Michael Fallon: It is for the OECD to classify overseas development aid spending, and it is for NATO to classify what is acceptable as defence spending, which it will do after each member state submits its return.

David Rutley (Macclesfield) (Con): Given the importance of our nuclear deterrent to our national security, will my right hon. Friend tell the House what representations he has had from the Labour party in support of this Government’s clear policy in this important area?

Michael Fallon: I have so far received some rather conflicting representations on the future of our nuclear deterrent. Like many Members across this House, there are mainstream Members of the Labour party who support—as every previous Government have done— the renewal of the nuclear deterrent that has helped to keep this country safe. There are some other Labour Members who seem to think that we can turn our nuclear submarines into water taxis.

T6. [903800] Deidre Brock (Edinburgh North and Leith) (SNP): Germany and Sweden have stopped selling weapons to Saudi Arabia as a result of concerns over Saudi actions in Yemen. Will the Government do likewise and impose a ban on arms sales to Saudi Arabia?

Mr Dunne: All our defence exports to the King of Saudi Arabia or to any other country go through the same rigorous export control system that we have in place. We are proud of that system as it is more rigorous than that of any other country, and that will continue to be the case while this Government are in post.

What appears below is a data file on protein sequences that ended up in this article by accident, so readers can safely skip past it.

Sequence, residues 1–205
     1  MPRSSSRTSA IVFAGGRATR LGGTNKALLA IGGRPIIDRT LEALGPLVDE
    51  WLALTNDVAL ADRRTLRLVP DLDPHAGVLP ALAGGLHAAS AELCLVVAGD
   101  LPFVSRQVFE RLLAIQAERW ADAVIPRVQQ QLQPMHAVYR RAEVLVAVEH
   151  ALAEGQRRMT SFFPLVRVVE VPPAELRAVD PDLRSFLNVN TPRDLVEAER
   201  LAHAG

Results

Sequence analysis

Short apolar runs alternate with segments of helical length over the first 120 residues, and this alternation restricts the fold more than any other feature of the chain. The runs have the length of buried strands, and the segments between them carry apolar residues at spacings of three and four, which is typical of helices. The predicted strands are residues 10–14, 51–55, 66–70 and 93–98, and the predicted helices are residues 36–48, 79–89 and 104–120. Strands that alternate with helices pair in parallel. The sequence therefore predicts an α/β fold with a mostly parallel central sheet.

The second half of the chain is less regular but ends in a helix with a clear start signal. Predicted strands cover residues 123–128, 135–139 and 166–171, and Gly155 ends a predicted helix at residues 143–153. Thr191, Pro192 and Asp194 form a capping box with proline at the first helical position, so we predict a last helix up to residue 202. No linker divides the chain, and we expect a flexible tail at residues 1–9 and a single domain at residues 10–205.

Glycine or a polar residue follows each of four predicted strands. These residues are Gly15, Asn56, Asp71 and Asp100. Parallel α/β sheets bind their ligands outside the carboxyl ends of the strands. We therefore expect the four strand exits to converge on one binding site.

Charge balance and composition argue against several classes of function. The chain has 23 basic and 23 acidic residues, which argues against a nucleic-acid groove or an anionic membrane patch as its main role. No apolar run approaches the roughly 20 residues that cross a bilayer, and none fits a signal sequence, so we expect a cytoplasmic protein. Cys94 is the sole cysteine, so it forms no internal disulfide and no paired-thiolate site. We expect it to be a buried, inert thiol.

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Suella Fernandes (Fareham) (Con): I recently visited the Royal Marines on Arctic warfare training in northern Norway with my hon. Friends the Members for Plymouth, Sutton and Devonport (Oliver Colvile) and for Torbay (Kevin Foster) and the hon. Member for Stoke-on-Trent North (Ruth Smeeth). Will my hon. Friend join me in applauding 1 Assault Group Royal Marines and 45 Commando, which are known as some of the most elite commando forces in the world, and explain how the strategic defence and security review will support the Royal Marines?

Mr Dunne: My hon. Friend is very brave to have joined the Royal Marines in the Arctic. I pay tribute to her and her colleagues for doing so. The SDSR is committed to maintaining amphibious capability. We will be making modifications to one of the two Queen Elizabeth carriers to ensure that that persists for the life of that platform.

T7. [903801] Martyn Day (Linlithgow and East Falkirk) (SNP): Under this Prime Minister, the number of RAF police personnel has dropped 340, from 1,480 to 1,140. Royal Military Police numbers have dropped 80, from 1,700 to 1,620, and Royal Navy Police numbers have dropped 40, from 340 to 300. Does the Secretary of State think that those cuts are acceptable?

Penny Mordaunt: The tasks that we allocate our personnel are there for operational reasons. That is how we allocate not only the liability of each of our services, but the trades that sit within them.

Mrs Flick Drummond (Portsmouth South) (Con): Along with many of my colleagues, I also went away during the recess. I had the pleasure of visiting the Falkland Islands. People there expressed concern about leaving the EU from an economic point of view, but will my right hon. Friend confirm, from a national security point of view, that a Conservative Government will always defend the right of the islanders to determine their own future, and reject calls from the Leader of the Opposition for a power-sharing deal?